The only exception, he said, would be when there is “a clear-cut case” where an abortion is the only way to save the life of an expectant mother.

For Golden, choice is paramount.

“I believe every woman has the right to make her own health care decisions,” he said on his campaign website. He said that “Washington politicians have no business being involved in the private medical choices made between a woman and her health care professional.”

Crafts said he thinks “more and more” people are shifting to what he calls the pro-life side of the debate, particularly among “this new generation” of young people who have seen ultrasound images and listened to fetal heartbeats.

“I think we’re winning” on the issue, Crafts said.

Polls indicate most Mainers are currently pro-choice.

Climate change

Crafts readily admits the climate is changing. He’s seen it, he said.

“You know what I’m tired of? We blame everything on climate change,” Crafts said.

He said he is “not convinced” that humanity has anything to do with the rising temperatures worldwide and growing volatility of weather patterns.

“There are arguments on both sides, science-wise,” Crafts said.

In fact, however, there is virtually no opposition within the scientific community regarding the role people are playing in the growing climate crisis.

The American Association for the Advancement of Science said, “Based on well-established evidence, about 97% of climate scientists have concluded that human-caused climate change is happening.”

NASA’s Jet Propulsion Laboratory said that “most of the leading scientific organizations worldwide have issued public statements endorsing this position.”

Golden called climate change “the greatest environmental challenge of our time” and pushed for the country to rejoin the Paris Climate Agreement that sets targets to try to hold the line on carbon levels in the atmosphere.

He said the government needs “to begin the decisive, comprehensive actions necessary to address climate change” in order to keep its impact within tolerable limits and put the United States in the forefront of developing the new technologies that will be necessary.

Health care

Crafts criticized the idea of Medicare-for-All, insisting it would hike the cost of health care for taxpayers by trillions of dollars and drag down the quality of the care patients receive.

He said doctors won’t want to work for a government salary, a paltry return on the years they invest in training.

Crafts said, though, that “we’ve got to have affordable health care for everybody somehow.”

He said he would repeal the Affordable Care Act and turn instead to a free market solution while finding a way to protect people with preexisting conditions.

Golden has called for expanding access to the ACA, a program he strongly backs. While Golden has expressed support for universal health care, he has focused his attention on trying to lower prescription costs and expand Medicare coverage.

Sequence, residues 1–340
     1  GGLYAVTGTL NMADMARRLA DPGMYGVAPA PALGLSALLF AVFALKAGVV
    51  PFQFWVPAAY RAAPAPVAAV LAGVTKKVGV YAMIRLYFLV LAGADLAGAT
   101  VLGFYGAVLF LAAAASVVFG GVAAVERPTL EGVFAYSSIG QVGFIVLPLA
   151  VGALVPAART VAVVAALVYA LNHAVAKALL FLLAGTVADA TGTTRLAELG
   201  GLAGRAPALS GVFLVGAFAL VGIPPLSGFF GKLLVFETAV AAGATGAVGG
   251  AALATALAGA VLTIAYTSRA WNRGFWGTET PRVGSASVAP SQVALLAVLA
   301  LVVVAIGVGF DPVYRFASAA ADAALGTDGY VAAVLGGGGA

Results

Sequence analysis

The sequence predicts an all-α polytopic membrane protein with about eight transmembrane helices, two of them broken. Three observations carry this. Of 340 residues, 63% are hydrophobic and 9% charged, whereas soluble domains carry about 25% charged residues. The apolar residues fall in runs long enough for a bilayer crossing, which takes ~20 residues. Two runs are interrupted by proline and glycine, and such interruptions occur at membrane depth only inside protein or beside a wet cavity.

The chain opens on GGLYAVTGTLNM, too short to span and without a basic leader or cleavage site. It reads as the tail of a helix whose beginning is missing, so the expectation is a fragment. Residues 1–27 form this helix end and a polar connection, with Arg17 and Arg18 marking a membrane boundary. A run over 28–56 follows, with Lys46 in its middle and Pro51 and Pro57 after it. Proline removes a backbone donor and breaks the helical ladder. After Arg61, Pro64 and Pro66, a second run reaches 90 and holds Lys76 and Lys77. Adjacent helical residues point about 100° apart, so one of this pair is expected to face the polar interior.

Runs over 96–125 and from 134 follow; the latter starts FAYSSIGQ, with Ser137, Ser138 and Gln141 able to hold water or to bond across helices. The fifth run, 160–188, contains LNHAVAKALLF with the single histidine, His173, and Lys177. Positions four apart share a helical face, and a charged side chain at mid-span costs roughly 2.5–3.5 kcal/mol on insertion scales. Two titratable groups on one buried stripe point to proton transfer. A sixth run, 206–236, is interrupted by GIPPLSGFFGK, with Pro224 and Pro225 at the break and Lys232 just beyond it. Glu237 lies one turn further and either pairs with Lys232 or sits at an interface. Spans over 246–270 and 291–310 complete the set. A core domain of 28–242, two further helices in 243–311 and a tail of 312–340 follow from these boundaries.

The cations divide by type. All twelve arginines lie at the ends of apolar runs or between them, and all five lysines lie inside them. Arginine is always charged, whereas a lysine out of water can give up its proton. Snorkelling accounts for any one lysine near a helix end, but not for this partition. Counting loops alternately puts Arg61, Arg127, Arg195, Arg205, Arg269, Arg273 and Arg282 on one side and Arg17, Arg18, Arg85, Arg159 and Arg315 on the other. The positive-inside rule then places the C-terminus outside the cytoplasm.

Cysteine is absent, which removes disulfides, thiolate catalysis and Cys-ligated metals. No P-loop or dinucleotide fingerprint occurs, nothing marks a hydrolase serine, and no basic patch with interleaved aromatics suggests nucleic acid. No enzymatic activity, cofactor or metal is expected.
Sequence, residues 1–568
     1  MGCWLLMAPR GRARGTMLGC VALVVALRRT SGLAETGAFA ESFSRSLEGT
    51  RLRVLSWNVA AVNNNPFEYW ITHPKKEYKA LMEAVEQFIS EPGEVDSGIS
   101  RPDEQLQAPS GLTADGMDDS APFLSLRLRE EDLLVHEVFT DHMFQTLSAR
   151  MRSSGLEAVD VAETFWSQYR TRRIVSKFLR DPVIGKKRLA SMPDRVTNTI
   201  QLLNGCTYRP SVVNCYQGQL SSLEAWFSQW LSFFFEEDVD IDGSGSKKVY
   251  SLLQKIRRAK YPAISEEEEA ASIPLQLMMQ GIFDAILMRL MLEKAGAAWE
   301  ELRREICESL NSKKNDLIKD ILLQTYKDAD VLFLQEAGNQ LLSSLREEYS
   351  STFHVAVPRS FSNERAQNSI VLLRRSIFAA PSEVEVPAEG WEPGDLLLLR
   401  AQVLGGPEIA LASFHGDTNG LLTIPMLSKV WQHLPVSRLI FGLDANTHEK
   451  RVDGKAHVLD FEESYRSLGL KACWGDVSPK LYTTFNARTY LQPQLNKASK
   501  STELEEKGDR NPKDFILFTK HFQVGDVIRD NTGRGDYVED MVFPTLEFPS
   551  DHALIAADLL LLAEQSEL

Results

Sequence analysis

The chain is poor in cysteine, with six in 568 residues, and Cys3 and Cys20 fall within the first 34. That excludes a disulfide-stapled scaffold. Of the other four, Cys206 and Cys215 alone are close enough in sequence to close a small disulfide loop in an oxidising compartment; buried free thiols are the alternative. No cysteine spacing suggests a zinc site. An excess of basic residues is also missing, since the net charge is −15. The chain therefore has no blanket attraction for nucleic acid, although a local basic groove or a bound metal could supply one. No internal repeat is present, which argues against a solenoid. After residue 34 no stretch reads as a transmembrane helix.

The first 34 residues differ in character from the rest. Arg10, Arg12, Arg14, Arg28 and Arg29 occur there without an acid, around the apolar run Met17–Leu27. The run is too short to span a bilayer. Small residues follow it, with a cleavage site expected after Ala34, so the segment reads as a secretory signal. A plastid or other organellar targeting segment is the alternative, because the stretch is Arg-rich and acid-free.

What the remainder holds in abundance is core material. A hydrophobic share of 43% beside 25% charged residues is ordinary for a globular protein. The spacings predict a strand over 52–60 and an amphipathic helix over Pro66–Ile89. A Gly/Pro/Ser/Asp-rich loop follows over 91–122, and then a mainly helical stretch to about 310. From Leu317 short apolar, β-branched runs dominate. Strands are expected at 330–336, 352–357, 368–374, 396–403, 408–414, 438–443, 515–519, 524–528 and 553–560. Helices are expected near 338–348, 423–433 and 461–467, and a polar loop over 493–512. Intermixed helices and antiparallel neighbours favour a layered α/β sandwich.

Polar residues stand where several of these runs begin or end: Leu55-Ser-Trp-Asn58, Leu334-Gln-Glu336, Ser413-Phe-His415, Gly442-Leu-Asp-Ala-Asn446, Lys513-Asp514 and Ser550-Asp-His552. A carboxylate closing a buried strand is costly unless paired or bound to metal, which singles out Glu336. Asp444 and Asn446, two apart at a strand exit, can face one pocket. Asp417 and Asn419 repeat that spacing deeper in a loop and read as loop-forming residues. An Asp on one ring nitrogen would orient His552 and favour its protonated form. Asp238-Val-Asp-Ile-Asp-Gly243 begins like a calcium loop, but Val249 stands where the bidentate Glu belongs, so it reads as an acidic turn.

“No one should go broke because they can’t afford the care they need,” Golden said. “In Congress, I’ve fought to make health care more affordable for more people, and that fight’s not over.”

Balanced budget

Both Crafts and Golden said the government has to do better in controlling spending.

Crafts said he favors a balanced budget amendment that would force the federal government to spend only what it takes in unless supermajorities in Congress agree to allocate more.

The nonpartisan U.S. Congressional Budget Office has estimated the 2020 deficit will hit $3.3 trillion, putting the overall national debt a bit shy of $27 trillion. It was $19.9 trillion when President Donald Trump took office, promising to reduce the annual deficit to zero by 2024.

More than three-quarters of federal spending goes to retirement programs, health care, the military and interest payments, areas that politicians have traditionally found difficult to cut. Cutting all of the rest of the government, from agriculture subsidies to weather satellites, would not eliminate the yearly deficit.

“We don’t spend our money wisely,” Crafts said, pointing to a story he heard about the National Guard rushing to buy boots it didn’t need before the end of the fiscal year so that next year’s allocation wouldn’t be reduced.

“How many of these little things are there going to be” if somebody really looked, Crafts asked.

A handful of bills have been introduced in the House for a balanced budget amendment this term. The most popular of them has 41 cosponsors, all Republicans.

Campaign finance reform

Golden said the country won’t make progress on many serious issues until it can get money out of politics.

He backs a constitutional amendment to overturn the Supreme Court’s Citizens United decision, has called for an end to corporate political action committees and cosponsored the For the People Act that would expand voting rights, limit gerrymandering and bolster ethics rules while reducing the influence of private money on elections.

Crafts told Project Vote Smart that he opposes regulation of indirect campaign contributions from companies and unions.

Pandemic relief

Though both candidates would like to see a new round of help for businesses and others struggling because of COVID-19, Crafts said he opposes giving federal money to local and state governments that are seeing drastic budgetary shortfalls, including Maine.

Crafts said “failed states” and Democratic-run cities that are not handling money well should not be bailed out.

Golden urged the inclusion of at least $250 billion to assist municipalities and states. Without the money, he said, they’ll likely need to lay off workers soon, including first responders such as police officers and firefighters.